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aboutPhiladelphia Travel Guide

May 11, 2018
by Logan Hunt

Intriguing Facts About Fun Philly

In our history books, the fact that the city of Brotherly Love was the site of the Declaration of Independence; it’s where you are encouraged to ditch your diet and dig into delicious Philly cheesesteaks; and it also played a pivotal role in the American Revolution, was a meeting place for the Founding Fathers of the country...but these are all common knowledge. Having been one of the country’s capitals, it’s had its run as a headliner, before Washington D.C. took over. Suffice to say, there is a lot more from where that came from. 

Being the city where many of the country’s firsts came about, the can-do spirit is still very much rife and alive. The spirit of intense excitement of being able to forge ahead in multiple industries and being written repeatedly on pages of our history books has created a society of influencers. Philly handily beat out New York City and Columbus, OK, for the hosting of the 2016 Democratic National Convention, while Republicans will be holding their nominating convention in Cleveland. With its history, knowing nuggets of its decorous past will inevitably lead down the road of politics.

Even with that said, there’s really more to Philly than cheesesteaks, politics, and history. So, without further ado, here are some compelling facts about the city to tickle your noggin. 

1. The Birth of the Giant Brain in the 1940s

We’re going on out a limb to say that, apart from the brains in the humans who helped come up with ENIAC, the Electronic Numerical Integrator and Computer, the Giant Brain, was the closest we came to an automated system at the time. It was also the first fully electronic computer in the world when it was designed and built at the University of Pennsylvania. The endeavor received enthusiastic response and support from the United States Army which started using the computers right off the bat during WWII. Reputed to be 1,000 faster than any other computers known to man at that time, it was a natural winner.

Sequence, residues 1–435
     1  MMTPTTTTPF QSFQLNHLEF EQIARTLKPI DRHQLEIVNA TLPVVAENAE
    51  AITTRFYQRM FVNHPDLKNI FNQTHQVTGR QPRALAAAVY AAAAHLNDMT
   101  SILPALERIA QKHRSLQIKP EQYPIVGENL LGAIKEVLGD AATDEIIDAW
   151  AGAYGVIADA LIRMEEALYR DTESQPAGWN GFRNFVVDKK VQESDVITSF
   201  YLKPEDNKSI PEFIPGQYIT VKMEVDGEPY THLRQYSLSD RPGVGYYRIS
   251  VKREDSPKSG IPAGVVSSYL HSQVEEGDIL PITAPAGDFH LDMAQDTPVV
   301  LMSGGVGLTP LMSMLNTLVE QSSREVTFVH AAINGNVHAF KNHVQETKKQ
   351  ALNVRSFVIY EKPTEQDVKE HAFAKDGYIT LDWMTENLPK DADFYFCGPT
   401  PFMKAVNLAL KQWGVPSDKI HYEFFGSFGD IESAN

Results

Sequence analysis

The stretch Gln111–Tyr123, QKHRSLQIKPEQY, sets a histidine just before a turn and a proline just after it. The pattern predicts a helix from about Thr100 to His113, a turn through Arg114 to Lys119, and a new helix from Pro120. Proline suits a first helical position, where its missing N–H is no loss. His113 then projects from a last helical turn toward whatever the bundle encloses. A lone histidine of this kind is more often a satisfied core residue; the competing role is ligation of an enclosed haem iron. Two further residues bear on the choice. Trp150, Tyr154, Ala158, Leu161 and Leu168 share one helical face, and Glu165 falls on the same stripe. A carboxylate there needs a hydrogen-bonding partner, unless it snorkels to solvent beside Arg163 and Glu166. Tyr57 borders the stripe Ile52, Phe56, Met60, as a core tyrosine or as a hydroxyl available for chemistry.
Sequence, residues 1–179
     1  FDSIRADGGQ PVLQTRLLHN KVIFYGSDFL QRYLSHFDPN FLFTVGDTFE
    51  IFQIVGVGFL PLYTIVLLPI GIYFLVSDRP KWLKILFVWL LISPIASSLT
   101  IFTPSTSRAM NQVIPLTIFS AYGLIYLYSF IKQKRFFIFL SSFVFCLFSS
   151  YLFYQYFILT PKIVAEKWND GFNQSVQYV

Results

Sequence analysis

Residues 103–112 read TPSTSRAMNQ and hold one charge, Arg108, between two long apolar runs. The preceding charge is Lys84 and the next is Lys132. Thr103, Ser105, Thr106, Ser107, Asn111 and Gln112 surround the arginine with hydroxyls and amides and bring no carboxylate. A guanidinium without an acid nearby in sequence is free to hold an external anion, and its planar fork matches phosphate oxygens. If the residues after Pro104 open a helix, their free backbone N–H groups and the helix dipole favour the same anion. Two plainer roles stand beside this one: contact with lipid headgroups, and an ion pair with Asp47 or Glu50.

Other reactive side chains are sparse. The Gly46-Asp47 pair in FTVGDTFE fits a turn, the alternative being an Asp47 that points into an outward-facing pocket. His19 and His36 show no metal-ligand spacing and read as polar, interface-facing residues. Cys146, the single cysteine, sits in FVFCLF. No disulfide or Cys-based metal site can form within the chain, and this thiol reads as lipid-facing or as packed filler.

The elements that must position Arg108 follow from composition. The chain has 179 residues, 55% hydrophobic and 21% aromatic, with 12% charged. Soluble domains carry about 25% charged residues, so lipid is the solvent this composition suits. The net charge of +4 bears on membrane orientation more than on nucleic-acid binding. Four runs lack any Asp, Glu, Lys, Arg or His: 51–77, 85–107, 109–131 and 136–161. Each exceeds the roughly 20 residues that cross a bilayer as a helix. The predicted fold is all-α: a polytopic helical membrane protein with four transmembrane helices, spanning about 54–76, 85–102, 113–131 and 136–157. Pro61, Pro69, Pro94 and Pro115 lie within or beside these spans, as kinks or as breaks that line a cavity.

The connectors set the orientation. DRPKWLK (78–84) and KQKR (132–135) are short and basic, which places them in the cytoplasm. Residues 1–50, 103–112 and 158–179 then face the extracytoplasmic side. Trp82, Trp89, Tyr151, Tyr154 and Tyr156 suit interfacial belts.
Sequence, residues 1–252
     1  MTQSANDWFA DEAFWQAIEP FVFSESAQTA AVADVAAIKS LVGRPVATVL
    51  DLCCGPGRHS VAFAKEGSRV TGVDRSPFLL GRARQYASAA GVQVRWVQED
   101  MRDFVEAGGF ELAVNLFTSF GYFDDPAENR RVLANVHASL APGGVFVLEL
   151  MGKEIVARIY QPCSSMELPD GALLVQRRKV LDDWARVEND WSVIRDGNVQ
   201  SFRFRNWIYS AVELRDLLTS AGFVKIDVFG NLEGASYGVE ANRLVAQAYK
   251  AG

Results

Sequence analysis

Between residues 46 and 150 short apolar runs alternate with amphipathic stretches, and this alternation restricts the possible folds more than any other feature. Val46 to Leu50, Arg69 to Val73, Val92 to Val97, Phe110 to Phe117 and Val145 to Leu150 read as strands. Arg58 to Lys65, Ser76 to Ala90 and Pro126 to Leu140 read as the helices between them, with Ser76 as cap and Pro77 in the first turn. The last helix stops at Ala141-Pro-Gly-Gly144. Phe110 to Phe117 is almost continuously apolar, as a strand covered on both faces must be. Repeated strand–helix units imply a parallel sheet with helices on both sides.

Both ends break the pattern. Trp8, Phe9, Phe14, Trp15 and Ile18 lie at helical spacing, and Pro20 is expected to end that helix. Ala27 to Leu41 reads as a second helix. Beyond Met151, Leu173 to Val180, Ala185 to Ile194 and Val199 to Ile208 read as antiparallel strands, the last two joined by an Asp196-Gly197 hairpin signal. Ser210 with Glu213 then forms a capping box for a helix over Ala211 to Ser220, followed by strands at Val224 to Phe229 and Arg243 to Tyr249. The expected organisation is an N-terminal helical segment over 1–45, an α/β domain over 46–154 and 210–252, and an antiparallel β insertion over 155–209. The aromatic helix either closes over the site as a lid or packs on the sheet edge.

It was smart enough to out-calculate the best of human beings and was said to be Turing-complete. Just by inputting data (read: numbers), it helped in artillery firing tables for the Army's Ballistic Research Laboratory and was included in the study of thermonuclear weaponry.

You won’t find the computer around anymore, that goes without saying, what with a smartphone in everyone’s hands, we literally have something that outperforms this relic device. But it’s interesting to explore what was successfully salvaged of ENIAC. Visitors who are into computing and science will find original bits and pieces of it at The School of Engineering and Applied Science at the University of Pennsylvania, National Museum of American History in Washington D.C., The Computer History Museum in Mountain View, CA, The University of Michigan in Ann Arbor, The United States Army Ordnance Museum in Maryland, The U.S. Army Field Artillery Museum in Fort Sill, The United States Military Academy at West Point in New York, and a little further away, in the London Science Museum
  • University of Pennsylvania
    Philadelphia, PA 19104
    (215) 898-5000
  • National Museum of American History
    1300 Constitution Ave NW, Washington, DC 20560
    (202) 633-1000
  • Computer History Museum
    1401 N Shoreline Blvd, Mountain View, CA 94043
    (650) 810-1010
  • University of Michigan
    500 S. State Street, Ann Arbor, MI 48109
    (734) 764-1817
  • U.S. Army Field Artillery Museum
    Corral Rd, Fort Sill, OK 73503
    (580) 442-1819
  • United States Military Academy
    Building 606, West Point, New York  10996
    (845) 938 4041
Liberty Bell grounds, Museum in Philadelphia - Google Maps

2. The Liberty Bell

New York has the Statue of Liberty, Philly’s got its iconic Liberty Bell (originally called the State House Bell). As broken as the bell is (it cracked for the first time when it JUST arrived in Philadelphia and has since been recast twice by named workmen, John Pass and John Stow - their names are on the historic bell itself), it STILL an iconic symbol of America’s independence and is a reminder of America’s immigration history